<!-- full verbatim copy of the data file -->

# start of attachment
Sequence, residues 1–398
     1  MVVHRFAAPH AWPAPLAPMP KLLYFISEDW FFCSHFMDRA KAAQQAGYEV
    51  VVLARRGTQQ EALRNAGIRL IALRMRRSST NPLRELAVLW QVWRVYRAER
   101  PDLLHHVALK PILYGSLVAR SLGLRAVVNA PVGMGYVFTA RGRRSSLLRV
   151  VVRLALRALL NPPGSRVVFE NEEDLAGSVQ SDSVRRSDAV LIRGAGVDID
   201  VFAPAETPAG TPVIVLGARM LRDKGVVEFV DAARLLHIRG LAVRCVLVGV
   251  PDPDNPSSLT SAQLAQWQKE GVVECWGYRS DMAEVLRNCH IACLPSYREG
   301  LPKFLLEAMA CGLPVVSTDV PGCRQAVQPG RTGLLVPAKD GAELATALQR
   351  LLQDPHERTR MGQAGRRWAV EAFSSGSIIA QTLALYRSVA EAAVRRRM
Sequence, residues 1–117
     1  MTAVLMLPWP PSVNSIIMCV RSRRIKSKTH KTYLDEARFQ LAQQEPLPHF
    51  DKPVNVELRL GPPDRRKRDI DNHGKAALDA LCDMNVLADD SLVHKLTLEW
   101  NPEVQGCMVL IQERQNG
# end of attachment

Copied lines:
Sequence, residues 1–398
     1  MVVHRFAAPH AWPAPLAPMP KLLYFISEDW FFCSHFMDRA KAAQQAGYEV
    51  VVLARRGTQQ EALRNAGIRL IALRMRRSST NPLRELAVLW QVWRVYRAER
   101  PDLLHHVALK PILYGSLVAR SLGLRAVVNA PVGMGYVFTA RGRRSSLLRV
   151  VVRLALRALL NPPGSRVVFE NEEDLAGSVQ SDSVRRSDAV LIRGAGVDID
   201  VFAPAETPAG TPVIVLGARM LRDKGVVEFV DAARLLHIRG LAVRCVLVGV
   251  PDPDNPSSLT SAQLAQWQKE GVVECWGYRS DMAEVLRNCH IACLPSYREG
   301  LPKFLLEAMA CGLPVVSTDV PGCRQAVQPG RTGLLVPAKD GAELATALQR
   351  LLQDPHERTR MGQAGRRWAV EAFSSGSIIA QTLALYRSVA EAAVRRRM
Sequence, residues 1–117
     1  MTAVLMLPWP PSVNSIIMCV RSRRIKSKTH KTYLDEARFQ LAQQEPLPHF
    51  DKPVNVELRL GPPDRRKRDI DNHGKAALDA LCDMNVLADD SLVHKLTLEW
   101  NPEVQGCMVL IQERQNG